Wheeeeeee!

Why Riak was the best candidate for knocking Angry Birds into order

Lucy Carey
birds2

JAXenter talks to Finnish games giant Rovio to find out why it chose to employ Basho’s scalable, open source NoSQL database.

What do you do when Angry Birds are
giving you issues? Well, if you’re creator Rovio, you smack them
into submission with a
NoSQL database.

Addressing scalability issues
without messing with the architecture of an application is a common
point of vexation, but there are solutions out there. Last month,
Basho Technologies
announced that it was partnering with the Finnish mobile game
giant
to help them deal with
their growing user base.
While Rovio was unwilling to share exact numbers, we do know
that Angry Birds, the firm’s
signature creation, has been downloaded two billion times – that’s
the equivalent of over a quarter of the world’s
population.

The company has implemented Riak, Basho’s
scalable, open source NoSQL database, to deal with newly
mushrooming data volumes stemming from a growing number of
operations. This influx of new data was primarily generated by a
new cartoon series, Angry Birds
Toons
, and new mobile video games.

According to Rovio, the sheer scale of the
systems that the company was running had rendered traditional SQL
databases untenable for the rapid operations they required. A
spokesperson for the company told JAXenter:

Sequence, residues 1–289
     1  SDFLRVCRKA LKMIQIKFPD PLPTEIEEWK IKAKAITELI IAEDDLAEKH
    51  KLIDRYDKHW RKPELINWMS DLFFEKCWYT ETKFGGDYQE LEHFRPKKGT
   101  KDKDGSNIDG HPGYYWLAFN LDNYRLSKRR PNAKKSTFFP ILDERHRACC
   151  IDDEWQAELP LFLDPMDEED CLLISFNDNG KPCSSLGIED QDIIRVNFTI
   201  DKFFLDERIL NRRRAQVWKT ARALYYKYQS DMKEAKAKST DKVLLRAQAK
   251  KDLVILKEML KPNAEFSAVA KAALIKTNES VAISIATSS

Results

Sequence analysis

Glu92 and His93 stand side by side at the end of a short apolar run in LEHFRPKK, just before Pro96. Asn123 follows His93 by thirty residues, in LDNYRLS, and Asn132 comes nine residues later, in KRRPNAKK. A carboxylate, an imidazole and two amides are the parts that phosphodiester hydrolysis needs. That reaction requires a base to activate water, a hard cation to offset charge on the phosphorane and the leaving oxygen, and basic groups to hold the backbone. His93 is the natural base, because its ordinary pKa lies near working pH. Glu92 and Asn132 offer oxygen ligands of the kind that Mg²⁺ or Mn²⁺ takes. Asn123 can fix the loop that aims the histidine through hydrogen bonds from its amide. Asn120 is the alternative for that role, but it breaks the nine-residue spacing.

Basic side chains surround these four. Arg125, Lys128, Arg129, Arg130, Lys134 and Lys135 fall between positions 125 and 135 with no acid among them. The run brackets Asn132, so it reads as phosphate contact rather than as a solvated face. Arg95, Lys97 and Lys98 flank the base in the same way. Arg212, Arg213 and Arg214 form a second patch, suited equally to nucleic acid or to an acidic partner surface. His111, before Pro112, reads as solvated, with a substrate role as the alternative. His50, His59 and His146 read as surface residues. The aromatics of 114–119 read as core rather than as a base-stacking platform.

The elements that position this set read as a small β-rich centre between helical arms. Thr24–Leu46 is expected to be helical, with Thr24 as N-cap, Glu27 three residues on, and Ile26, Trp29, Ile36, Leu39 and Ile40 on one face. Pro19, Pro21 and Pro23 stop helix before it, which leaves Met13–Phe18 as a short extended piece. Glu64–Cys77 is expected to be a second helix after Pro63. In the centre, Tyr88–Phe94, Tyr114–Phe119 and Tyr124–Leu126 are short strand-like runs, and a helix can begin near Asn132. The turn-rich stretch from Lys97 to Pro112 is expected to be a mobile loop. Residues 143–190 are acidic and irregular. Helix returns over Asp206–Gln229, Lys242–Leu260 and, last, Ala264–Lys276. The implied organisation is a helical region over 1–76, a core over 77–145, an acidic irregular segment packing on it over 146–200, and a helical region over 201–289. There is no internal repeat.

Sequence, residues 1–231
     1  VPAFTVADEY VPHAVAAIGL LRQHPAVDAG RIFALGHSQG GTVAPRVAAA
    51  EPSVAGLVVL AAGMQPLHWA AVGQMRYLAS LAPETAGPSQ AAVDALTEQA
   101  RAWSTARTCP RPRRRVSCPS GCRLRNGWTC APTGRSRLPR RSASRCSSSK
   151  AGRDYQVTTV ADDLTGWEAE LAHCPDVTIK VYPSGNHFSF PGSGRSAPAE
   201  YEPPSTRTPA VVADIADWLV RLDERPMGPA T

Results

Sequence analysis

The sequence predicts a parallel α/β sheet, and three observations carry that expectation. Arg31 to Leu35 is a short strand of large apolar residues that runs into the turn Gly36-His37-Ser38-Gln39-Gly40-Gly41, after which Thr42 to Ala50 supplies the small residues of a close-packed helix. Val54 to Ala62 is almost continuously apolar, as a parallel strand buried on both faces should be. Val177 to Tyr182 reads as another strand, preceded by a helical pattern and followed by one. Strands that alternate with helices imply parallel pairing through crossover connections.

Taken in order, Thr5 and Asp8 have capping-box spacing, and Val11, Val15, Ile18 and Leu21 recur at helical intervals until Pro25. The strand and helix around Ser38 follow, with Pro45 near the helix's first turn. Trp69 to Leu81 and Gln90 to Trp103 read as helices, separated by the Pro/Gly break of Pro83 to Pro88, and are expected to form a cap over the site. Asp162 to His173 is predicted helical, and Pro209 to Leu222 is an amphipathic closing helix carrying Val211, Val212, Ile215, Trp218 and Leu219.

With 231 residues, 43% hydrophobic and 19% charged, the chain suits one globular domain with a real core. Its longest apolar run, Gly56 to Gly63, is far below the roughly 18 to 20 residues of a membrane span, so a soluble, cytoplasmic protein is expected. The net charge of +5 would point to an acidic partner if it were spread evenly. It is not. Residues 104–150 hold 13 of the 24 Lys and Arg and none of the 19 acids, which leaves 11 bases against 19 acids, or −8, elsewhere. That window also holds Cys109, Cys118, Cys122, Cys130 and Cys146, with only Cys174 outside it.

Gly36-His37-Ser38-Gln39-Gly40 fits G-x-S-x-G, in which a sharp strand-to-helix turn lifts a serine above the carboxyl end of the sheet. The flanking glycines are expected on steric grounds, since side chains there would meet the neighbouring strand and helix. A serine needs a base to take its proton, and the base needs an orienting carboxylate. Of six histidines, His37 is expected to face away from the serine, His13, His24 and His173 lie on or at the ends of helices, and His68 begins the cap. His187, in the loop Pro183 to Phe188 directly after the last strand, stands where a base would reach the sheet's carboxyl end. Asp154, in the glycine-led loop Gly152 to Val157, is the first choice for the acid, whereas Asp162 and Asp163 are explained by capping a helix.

“Replication, high availability and scalability can be
achieved much more easily with NoSQL databases. Riak will scale up
easily without thinking of complicated sharing
strategies”.

Although there are a number of NoSQL options out
there, Riak was specifically chosen for the diverse set of use
cases it can support. It doesn’t lose data, so is suitable for
storing the payment data that the company makes from hardcore
gaming fans. Additionally, its horizontal scalability, ability to
support extremely large and dynamic data sets, and multi data
center deployments support with real-time data replication made it
a particularly good fit for the company, as well as the fact that
it can be operated on any public and private cloud.

Rovio admits that it had a few issues making the
switch from the DaaS solution it was
using prior to Riak on the operations front, but for the most part
the transition has been relatively painless.

When asked what they would have done differently
when making the move to NoSQL, Rovio told us, “We could have put
more attention to actual data access patterns beforehand. That
would have helped us to fine tune our database clusters and
finalize design for our data model early on.”

As well as adapting to the demands of a
burgeoning database (something that many a game maker can relate
to), the biggest technical issues facing Rovio developers to date
relate to the search and mass query capabilities of the database.
The company has used Riak’s secondary index searches so far, but
admits that they are somewhat limited in their use cases. However,
an upcoming release from Basho will provide Rovio with a new
feature for searching, and should help them to build more flexible
search mechanisms.

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